DW is a veteran, a father, a husband, and a teacher. He's published 9 YA/NA novels thus far. The story you're reading might be next.
The Copper Shield
Smoking will kill you
Mark walked into the Copper Shield on Main Street in Eastfield, his hometown, and took a seat at the bar. He pulled a new pack of cigarettes out of his shirt pocket and removed the cellophane wrapper from the box.
“You shouldn’t smoke. Those things will kill you.”
Mark looked up to see who’d spoken. Standing behind the bar in front of him was a pretty blond woman with the bluest eyes he’d ever seen. The woman had a petite build, fit, like a runner, and she was smiling at him, showing a perfect set of white teeth that had obviously never been stained by tobacco.
“There are lots of things that can kill you,” Mark replied. “Some kill you quick.” He held up the pack of cigarettes. “Some will kill you slow.”
“That may be,” the blond woman replied. “But they don’t all make your clothes stink, stain your teeth, and turn your fingertips yellow. And most don’t make kissing you taste like licking an ashtray.”
Mark regarded the woman for a long moment and then looked at the pack of cigarettes. The woman waited patiently for Mark to decide what to say next.
“If I throw this pack away and promise never to smoke again, will you kiss me?”
The woman’s smile widened. “Here, give them to me. I’ll throw them away for you.”
Mark set the pack on the bar and slid them toward her. She picked it up, crumpled the pack, and tossed it in the trash. Then she leaned over the bar, placed a hand on each side of Mark’s face, and kissed him firmly on the lips.
Sara, no H
When the woman finally broke contact, it took Mark a moment to catch his breath.
“Wow. What other bad habits can I quit so I can have another kiss like that?”
“Stick around, and maybe we’ll find out,” the woman said. “So, what’s your name?”
“I’m Mark. Mark Fairchild. What’s yours?”
“I’m Sara, no H. Sara Dyrdahl.”
“It’s nice to meet you, Sara no H. Today must be your first day working here.”
“What makes you think so?” Sara asked, tilting her head, and sweeping her hair behind her ear in a way that made Mark’s heart beat a little faster.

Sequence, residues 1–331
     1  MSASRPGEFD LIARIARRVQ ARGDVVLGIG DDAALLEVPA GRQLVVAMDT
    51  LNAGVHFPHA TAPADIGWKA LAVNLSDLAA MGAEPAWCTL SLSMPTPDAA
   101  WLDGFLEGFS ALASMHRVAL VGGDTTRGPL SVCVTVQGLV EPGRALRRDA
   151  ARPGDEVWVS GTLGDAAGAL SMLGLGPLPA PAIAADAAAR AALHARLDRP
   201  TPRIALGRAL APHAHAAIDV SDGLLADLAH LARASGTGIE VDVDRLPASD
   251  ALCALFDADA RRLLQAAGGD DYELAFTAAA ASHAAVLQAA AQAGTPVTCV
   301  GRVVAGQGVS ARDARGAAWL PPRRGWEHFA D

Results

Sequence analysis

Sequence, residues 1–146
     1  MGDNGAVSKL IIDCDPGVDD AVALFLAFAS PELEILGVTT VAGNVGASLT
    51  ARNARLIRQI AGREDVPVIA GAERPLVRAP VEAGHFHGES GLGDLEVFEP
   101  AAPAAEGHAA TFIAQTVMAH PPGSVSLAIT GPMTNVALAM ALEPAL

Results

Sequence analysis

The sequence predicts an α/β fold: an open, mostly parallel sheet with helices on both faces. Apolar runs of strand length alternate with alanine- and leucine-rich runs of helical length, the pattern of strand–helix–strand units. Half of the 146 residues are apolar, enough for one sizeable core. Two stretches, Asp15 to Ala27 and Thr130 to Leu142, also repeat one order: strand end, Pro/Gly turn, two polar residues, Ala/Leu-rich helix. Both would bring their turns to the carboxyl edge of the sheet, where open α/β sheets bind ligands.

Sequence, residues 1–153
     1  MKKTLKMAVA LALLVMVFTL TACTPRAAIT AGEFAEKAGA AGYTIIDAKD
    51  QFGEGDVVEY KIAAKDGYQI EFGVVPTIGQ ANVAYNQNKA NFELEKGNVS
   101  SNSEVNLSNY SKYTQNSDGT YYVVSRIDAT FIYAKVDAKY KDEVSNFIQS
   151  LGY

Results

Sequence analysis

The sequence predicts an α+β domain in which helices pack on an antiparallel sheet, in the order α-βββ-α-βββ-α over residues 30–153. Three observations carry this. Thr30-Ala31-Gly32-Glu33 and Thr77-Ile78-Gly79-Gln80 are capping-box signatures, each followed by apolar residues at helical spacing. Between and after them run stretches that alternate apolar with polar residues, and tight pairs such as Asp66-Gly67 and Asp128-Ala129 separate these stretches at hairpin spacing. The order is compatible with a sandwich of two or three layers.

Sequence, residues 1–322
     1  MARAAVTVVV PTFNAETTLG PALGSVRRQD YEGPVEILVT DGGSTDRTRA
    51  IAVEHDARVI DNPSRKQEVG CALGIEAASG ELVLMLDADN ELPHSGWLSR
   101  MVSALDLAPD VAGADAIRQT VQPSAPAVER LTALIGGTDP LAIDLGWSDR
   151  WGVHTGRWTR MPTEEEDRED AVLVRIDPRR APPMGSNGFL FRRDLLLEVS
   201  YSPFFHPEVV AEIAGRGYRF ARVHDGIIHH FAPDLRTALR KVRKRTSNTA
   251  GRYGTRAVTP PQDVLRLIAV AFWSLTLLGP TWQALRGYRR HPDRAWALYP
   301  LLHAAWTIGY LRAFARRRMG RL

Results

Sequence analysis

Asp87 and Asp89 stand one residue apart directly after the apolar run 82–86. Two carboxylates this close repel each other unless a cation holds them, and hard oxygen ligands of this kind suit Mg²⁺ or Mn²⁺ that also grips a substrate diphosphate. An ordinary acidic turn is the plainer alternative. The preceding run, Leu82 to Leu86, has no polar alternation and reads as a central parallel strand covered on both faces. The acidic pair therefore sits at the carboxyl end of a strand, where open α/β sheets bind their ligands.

Mark took a moment to catch his breath. “My Grandpa Joe owns the place, and I’ve been in here every night since I got home on leave. My Aunt Sheela is usually working the bar this time of day.”
“Sheela asked me if I’d work for her today. One of her kids had a thing at school, some kind of athletic awards.”
Mark nodded his head. “That must be my cousin Sean’s spring sports banquet at the high school. I forgot that was today.”
“Were you supposed to go?” Sara asked.
“Nah,” Mark replied. “It’s just for parents. If they invited aunts and uncles and cousins, they’d have to rent the civic center to hold everyone.”
Sara laughed. “Your probably right. Anyway, would you like a drink?”
“I’ll have an O’Doul’s,” Mark replied.
“I’ll have to see if we have that,” Sara said, scrunching her brow.
Mark pointed at one of the beer coolers behind the bar. “It’s right in there. They just started carrying it when I got back. I think I’m the only one in town who drinks it.”
“That wouldn’t surprise me,” Sara said. “The crowd that comes in here doesn’t take much to the non-alcoholic type beers.”
Bacon Cheeseburger, no onions
Mark slowly sipped his beer while Sara waited on other customers, mostly off duty or retired cops or firefighters. Mark hoped to join the ranks of law enforcement once he was discharged from the Army. Thanks to his family’s ties to the Eastfield Police Department, Mark was already an auxiliary police officer.
Mark had almost finished his O’Doul’s by the time Sara made the rounds of the bar and had filled the drink orders Catia, the waitress who worked the day shift Monday through Friday, brought to the bar.
“Do you want another one of those?” Sara asked as she pointed at his near-empty bottle.
Mark picked up the bottle and examined the small amount of beverage remaining in it. “I think I would. I’d also like to order something to eat. I usually wait for my Uncle Phil, but he must have gotten sidetracked at work.”
Sara retrieved a fresh O’Doul’s from the cooler. “Do you know what you want to eat, or do you need a menu?”